Palo Alto Networks WildFire™ cloud-based threat analysis and prevention service analyzes files and links and designates never-before-seen items for further investigation using static and dynamic analysis over multiple operating systems and application versions. If a sample is categorized as malicious, WildFire will automatically generate and populate a holistic set of new preventions to the Palo Alto Networks Next-Generation Security Platform and integration partners, minimizing the risk of infection from both known and unknown threats without any additional, manual action. WildFire correlates global, community-driven threat intelligence from multiple sources across networks, endpoints and clouds to immediately halt threats from spreading. WildFire’s architecture provides granular controls over what data will be submitted for analysis. Elements like file type and session data, as well as choosing the data path and regional WildFire cloud where the analysis and data storage will take place, are all configurable.


To learn more about the Palo Alto Networks Next-Generation Security Platform and WildFire, visit:

To learn more about the PhishMe Triage, visit:

For more information, download the full solution brief.

Got Any Good Phishing TIPs?

PhishMe Intelligence Integrates with Industry Leading Threat Intelligence Platforms (TIPs)

Swimming in a sea of threat intelligence indicators and services, security teams have been working towards effective ways to centralize, de-duplicate, and correlate massive amounts of threat data. The challenge is once this is done, acting on the what matters most. This requires intelligence, not just data.

This is why PhishMe has completed technical integrations with TIP partners Anomali™ and ThreatConnect®. These integrations offer security teams the ability to ingest and correlate phishing-specific indicators with easy-to-act-on impact ratings and contextual reports to make confident security and business decisions.

PhishMe Intelligence customers gain from our human-verified phishing intelligence. What does this mean? It means that our customers receive phishing indicators from daily criminal phishing campaigns such as compromised IP addresses, domains, URLs, hashes, and botnet and command and control infrastructure. These indicators and credible intelligence reports are meticulously maintained and verified by PhishMe security researchers. Customers receive expert phishing intelligence that connects indicators with threat actors’ infrastructure so that security teams can confidently act quickly and accurately in their investigations.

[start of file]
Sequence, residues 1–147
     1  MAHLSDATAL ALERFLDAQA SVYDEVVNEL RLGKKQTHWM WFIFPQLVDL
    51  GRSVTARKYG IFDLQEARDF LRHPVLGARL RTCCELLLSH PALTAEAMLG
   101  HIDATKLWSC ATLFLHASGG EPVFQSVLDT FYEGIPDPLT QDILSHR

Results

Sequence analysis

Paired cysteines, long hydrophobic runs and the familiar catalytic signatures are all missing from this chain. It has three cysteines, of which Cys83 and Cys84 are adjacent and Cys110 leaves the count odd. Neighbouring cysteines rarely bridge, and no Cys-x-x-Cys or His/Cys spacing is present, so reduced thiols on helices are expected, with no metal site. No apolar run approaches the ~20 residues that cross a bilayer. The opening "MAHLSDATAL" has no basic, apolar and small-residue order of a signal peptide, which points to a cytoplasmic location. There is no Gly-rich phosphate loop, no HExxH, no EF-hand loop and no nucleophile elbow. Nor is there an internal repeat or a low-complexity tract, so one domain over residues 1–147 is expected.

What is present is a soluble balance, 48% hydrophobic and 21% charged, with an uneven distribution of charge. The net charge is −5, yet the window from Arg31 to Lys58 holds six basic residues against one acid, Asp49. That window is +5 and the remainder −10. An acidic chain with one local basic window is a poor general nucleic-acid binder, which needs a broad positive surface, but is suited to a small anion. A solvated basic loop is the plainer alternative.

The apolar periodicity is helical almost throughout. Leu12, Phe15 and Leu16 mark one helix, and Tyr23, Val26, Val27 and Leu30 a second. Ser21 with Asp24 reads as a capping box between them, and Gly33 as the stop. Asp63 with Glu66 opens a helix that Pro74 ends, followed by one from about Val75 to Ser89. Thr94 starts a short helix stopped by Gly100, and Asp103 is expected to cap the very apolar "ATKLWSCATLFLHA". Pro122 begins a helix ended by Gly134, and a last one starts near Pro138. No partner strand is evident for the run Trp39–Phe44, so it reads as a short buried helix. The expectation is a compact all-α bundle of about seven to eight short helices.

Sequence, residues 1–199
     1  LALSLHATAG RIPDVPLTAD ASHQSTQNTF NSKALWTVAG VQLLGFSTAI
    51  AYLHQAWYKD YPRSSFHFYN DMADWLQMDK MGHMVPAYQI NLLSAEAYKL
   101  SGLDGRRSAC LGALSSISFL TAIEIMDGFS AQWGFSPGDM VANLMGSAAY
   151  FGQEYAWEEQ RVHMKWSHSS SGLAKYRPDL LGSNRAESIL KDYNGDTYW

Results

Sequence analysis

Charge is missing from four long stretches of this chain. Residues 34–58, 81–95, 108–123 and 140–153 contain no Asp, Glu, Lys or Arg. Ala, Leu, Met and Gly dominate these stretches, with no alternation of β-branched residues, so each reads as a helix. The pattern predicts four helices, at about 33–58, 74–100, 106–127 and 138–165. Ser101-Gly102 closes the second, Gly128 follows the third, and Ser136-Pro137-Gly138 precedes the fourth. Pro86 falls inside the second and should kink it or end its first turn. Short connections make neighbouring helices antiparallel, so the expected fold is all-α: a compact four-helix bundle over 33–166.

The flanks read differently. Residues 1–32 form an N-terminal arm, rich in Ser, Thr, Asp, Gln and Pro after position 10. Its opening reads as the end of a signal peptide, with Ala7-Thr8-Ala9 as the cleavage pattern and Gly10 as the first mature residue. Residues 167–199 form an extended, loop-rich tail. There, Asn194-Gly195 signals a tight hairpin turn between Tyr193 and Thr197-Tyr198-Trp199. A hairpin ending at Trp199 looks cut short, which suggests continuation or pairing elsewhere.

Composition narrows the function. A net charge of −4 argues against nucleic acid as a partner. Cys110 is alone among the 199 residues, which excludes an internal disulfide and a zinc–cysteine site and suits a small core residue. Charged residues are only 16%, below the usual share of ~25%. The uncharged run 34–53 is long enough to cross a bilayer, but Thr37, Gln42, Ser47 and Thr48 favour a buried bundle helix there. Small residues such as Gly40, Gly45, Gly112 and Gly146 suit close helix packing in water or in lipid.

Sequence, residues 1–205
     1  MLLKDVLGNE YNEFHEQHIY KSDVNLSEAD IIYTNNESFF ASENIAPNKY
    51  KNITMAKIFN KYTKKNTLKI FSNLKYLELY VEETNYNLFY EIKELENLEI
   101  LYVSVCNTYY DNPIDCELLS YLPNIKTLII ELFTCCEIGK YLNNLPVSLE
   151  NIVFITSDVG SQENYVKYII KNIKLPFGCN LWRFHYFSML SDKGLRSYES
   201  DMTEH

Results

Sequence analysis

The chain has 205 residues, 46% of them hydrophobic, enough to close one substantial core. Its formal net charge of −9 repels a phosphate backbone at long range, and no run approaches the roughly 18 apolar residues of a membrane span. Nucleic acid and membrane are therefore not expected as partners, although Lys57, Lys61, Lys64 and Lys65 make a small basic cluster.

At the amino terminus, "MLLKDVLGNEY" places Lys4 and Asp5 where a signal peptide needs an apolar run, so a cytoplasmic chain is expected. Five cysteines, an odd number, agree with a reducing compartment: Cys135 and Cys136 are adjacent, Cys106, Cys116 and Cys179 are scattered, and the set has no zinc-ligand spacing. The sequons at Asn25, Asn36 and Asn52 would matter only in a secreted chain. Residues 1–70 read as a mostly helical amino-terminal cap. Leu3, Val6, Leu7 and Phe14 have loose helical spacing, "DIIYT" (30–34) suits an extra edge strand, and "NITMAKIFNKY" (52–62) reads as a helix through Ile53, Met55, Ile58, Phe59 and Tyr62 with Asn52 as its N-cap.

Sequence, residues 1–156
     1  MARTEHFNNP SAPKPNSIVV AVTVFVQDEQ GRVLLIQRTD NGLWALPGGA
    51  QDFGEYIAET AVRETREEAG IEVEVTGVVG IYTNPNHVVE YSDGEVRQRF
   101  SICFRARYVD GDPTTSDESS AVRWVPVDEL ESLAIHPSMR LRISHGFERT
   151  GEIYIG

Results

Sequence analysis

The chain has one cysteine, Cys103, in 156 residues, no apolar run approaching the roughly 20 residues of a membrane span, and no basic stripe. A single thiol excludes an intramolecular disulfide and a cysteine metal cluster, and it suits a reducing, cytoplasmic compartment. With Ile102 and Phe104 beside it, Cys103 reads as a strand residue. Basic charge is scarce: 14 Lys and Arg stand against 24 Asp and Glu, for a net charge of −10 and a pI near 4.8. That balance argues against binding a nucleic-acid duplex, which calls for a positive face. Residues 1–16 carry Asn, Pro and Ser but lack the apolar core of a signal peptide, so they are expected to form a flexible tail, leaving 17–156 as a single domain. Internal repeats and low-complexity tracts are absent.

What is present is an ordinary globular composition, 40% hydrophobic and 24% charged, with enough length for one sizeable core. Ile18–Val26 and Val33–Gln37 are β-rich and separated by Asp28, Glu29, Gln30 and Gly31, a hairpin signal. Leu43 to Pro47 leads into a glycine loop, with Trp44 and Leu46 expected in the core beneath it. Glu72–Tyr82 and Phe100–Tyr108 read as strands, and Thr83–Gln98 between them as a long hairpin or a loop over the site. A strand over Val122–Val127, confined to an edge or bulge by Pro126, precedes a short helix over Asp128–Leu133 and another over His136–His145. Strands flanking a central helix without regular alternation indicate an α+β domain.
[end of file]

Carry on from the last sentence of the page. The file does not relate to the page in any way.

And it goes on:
PhishMe precisely delivers timely indicators and intelligence about ransomware, business email compromise, credential-stealing phish, and other malware. It is the timeliness and accuracy that is so crucial because the longer it takes security teams to determine the impact and severity of the threat, the more time the attacker has to plot their next move and achieve their mission.

When PhishMe designates an indicator with a major impact rating, teams can heed this warning and confidently take action. PhishMe doesn’t just tell security teams what is malicious, we explain why something is malicious. This is the context that allows analysts to act on the data analyzed and enriched by trustworthy PhishMe researchers.

PhishMe also helps answer the never-ending question; “is this a threat to my business”? The Active Threat Reports are contextually-rich reports that illustrate threat actor tactics and the neighboring criminal infrastructure that supports their operation. The reports take “so what” about an indicator, and provide an inside-out view of the threat actor and tactics.

Security analysts spend less time deducing and more time executing.

Security teams invest in TIPs as a way of bringing multiple sources of data into a centralized location that can be correlated and then distributed to other systems as part of the workflow. Open source, paid subscription, and industry-specific intelligence exchanges, all provide a useful purpose in managing threats to the business. The difficulty is managing vast amounts of data and ensuring a low signal-to-noise ratio. As such, TIPs emerged to support the endless need for data analysis and decisive action.